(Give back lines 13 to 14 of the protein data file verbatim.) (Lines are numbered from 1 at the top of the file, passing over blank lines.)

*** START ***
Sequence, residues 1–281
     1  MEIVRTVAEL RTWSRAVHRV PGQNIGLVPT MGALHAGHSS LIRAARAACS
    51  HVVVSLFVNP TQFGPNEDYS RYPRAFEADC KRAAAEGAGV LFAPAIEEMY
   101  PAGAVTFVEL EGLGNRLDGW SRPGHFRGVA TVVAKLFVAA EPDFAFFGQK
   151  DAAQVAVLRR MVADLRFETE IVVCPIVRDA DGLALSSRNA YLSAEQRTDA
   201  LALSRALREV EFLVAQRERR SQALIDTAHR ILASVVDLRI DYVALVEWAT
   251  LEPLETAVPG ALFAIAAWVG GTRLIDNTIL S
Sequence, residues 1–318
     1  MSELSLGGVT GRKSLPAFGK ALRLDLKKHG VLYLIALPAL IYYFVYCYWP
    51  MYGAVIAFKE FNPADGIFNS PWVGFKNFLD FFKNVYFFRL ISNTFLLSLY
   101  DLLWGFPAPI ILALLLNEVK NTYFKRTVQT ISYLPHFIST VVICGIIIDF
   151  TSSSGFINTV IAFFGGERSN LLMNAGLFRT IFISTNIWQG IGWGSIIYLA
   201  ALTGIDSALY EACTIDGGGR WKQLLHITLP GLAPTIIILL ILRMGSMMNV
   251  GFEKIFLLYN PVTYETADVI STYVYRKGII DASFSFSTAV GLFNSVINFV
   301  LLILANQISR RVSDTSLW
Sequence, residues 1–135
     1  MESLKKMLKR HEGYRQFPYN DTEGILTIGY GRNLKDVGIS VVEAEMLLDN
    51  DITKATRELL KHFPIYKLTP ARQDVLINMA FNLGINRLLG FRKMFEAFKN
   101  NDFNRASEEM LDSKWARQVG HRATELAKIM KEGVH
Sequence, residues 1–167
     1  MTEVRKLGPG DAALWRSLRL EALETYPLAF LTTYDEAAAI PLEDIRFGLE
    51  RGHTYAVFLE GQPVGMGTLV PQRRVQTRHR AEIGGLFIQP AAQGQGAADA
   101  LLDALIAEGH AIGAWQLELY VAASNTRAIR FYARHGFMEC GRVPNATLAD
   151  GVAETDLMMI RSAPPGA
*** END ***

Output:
   201  ALTGIDSALY EACTIDGGGR WKQLLHITLP GLAPTIIILL ILRMGSMMNV
   251  GFEKIFLLYN PVTYETADVI STYVYRKGII DASFSFSTAV GLFNSVINFV